Letting out an inherited house? Here are the top 6 of the most significant things to check before that!

If you are now the owner of an inherited house and are planning to hold on to it, so you can rent it out. It is recommended to make sure: 1) you have the right to do it, and 2) it is in accordance with the applicable law and can be lawfully let.

Have in mind that this is a complicated area with various components, so our advice is to consult with a professional.

Meanwhile we created a list of the top 6 essential things you need to check before letting your property:

1. Is your new house mortgaged and/or insured?

Standard mortgages do not allow letting your property to 3rd parties. This is why it is very important for you to check if the lenders approve it. We recommend getting in touch with an expert broker (specialist in insurance as well) to discuss your options.

2. What is the demand in your area?

Stronger demand means more tenants looking for a single property to rent, which would benefit you most. Make sure there is enough demand for your type of property.

Let say you are letting out a 1 bedroom flat in an area with mostly families looking for 2-3 bedroom houses – this might lead to issues finding tenants. Dial up your local Goodchilds’ branch in Walsall to discuss what to expect in return of your inherited property.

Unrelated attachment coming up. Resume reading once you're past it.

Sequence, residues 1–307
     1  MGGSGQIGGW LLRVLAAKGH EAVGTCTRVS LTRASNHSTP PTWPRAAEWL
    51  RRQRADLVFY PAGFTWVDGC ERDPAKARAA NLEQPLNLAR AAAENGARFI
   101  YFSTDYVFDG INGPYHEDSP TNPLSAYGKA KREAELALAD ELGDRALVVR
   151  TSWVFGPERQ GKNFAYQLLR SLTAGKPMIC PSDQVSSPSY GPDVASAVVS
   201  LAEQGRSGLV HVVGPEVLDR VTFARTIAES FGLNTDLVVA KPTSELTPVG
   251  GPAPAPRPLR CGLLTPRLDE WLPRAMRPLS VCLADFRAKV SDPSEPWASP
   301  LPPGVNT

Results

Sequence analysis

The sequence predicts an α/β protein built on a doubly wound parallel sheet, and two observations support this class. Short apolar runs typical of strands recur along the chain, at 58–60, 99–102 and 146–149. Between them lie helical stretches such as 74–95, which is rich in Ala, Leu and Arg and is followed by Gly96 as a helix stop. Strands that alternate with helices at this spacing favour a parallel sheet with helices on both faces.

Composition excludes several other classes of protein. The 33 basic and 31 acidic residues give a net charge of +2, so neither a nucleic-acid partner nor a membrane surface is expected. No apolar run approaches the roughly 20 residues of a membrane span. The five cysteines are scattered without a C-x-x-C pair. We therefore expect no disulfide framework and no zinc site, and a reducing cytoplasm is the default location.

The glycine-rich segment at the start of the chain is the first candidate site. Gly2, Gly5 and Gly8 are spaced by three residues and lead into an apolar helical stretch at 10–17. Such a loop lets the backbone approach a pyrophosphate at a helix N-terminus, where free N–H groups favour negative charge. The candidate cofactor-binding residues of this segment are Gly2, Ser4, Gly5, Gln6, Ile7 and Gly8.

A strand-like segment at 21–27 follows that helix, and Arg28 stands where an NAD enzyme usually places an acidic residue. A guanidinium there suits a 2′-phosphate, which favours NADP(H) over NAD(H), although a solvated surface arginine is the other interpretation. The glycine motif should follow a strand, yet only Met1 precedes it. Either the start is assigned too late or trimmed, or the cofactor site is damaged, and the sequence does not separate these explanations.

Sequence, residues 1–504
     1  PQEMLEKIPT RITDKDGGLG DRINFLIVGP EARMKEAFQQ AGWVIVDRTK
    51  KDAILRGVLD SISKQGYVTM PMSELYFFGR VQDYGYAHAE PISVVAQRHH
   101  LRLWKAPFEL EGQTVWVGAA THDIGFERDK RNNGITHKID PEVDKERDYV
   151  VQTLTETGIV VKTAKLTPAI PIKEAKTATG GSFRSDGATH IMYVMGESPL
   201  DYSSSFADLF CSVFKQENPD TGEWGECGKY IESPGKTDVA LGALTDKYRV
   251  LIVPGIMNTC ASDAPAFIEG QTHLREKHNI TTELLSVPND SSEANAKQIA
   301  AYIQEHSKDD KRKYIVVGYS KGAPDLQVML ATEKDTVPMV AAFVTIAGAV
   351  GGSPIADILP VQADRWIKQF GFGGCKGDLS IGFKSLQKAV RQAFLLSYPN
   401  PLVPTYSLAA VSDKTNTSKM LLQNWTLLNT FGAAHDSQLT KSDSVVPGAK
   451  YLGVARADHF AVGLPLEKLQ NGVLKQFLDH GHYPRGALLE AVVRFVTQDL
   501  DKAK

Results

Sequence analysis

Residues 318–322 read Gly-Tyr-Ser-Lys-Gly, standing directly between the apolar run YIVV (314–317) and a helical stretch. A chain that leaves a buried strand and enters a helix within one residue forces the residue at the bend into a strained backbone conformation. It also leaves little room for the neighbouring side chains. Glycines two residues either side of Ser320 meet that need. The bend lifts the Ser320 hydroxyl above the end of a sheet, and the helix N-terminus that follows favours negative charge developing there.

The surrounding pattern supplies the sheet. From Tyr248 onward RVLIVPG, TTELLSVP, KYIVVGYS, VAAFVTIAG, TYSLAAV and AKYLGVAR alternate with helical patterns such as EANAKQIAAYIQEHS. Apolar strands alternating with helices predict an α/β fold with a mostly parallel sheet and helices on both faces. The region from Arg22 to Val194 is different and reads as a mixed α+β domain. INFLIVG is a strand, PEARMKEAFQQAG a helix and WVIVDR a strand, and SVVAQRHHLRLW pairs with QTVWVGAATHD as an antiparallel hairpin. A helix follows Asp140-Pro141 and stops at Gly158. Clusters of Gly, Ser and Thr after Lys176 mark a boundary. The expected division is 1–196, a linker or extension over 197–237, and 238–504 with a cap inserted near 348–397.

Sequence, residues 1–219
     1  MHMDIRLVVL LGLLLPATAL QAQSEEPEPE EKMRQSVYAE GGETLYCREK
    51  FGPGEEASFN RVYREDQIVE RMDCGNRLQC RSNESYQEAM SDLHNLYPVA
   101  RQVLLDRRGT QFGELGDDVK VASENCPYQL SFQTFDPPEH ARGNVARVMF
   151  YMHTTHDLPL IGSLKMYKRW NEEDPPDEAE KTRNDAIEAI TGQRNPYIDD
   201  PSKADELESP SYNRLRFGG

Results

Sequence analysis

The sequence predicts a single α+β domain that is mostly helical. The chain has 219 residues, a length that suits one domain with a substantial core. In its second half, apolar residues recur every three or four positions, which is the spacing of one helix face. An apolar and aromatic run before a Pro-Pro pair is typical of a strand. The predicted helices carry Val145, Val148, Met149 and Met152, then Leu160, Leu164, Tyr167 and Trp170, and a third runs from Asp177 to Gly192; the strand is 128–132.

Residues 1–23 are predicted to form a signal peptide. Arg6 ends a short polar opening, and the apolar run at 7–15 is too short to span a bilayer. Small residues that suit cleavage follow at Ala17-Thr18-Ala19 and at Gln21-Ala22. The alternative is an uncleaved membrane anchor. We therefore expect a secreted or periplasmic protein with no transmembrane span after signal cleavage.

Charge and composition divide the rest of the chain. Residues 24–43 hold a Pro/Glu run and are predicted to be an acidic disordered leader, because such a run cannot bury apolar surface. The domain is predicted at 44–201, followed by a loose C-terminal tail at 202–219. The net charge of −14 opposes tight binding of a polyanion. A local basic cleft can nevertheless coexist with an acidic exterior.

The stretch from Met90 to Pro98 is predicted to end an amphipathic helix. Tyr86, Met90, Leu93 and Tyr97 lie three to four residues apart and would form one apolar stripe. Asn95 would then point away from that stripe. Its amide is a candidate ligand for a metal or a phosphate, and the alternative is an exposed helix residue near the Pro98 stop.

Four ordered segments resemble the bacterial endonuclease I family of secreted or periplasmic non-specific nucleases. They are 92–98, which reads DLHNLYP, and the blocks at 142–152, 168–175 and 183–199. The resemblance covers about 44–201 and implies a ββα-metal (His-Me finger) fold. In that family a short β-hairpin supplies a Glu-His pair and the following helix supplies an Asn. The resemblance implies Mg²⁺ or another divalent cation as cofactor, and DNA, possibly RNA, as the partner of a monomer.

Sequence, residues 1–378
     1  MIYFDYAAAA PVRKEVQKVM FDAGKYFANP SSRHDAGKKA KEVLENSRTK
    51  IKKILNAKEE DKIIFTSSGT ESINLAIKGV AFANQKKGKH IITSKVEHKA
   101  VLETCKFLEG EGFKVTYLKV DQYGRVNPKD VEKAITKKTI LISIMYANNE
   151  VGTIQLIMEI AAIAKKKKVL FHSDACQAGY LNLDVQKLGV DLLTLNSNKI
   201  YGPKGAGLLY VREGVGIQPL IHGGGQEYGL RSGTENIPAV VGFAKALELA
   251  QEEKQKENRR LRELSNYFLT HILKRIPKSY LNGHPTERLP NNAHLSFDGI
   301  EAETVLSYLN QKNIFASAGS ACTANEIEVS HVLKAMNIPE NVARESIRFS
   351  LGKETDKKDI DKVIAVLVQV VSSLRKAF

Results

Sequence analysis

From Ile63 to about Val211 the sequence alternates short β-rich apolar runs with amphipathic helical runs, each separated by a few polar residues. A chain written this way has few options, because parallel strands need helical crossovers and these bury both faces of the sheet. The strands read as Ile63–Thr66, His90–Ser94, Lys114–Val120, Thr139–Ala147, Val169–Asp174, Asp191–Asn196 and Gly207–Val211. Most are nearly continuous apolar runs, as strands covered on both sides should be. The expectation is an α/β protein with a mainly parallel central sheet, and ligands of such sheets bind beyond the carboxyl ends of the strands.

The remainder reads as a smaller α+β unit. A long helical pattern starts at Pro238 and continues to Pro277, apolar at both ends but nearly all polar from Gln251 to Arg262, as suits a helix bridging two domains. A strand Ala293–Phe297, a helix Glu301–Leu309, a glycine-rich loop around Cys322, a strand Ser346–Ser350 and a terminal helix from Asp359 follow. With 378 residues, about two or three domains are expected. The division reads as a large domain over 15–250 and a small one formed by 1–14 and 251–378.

3. What is the condition of the house or flat?

This is valid for the building, as well as for the amenities, more exactly the bathrooms and kitchen. If you are looking for younger tenants, be sure to have a modern designed kitchen and bathrooms.

 4. Does the property has EPC?

EPC stands for Energy Performance Certificate. The minimum rating in order to let a property is “E”, lower than that, makes it illegal to let the property. Inherited properties tend to even not have an EPC. If that is the case with you, we can help you issuing one and help you increase the rating.

 5. Are there installed smoke and carbon monoxide alarms?

Since the end of 2015, there is a legal requirement for each property to have smoke and carbon monoxide alarms. One smoke alarm per floor and a CM alarm in rooms with fuel burning devices.

 6. Is there any damp?

READ CAREFULLY! There are 29 hazards in the HHSRS that landlords are obligated to protect occupants against and damp is the most severe one. Mould is the reason for various health problems, therefore it is a must to remove any before letting, or you can be fined up to £30,000 if these or other issues are not sorted out.

We hope that this article was helpful! If you want to learn more about the services we offer, or you have recently inherited a property and are wondering how to handle it, you can simply call Goodchilds or visit our local branch in Walsall.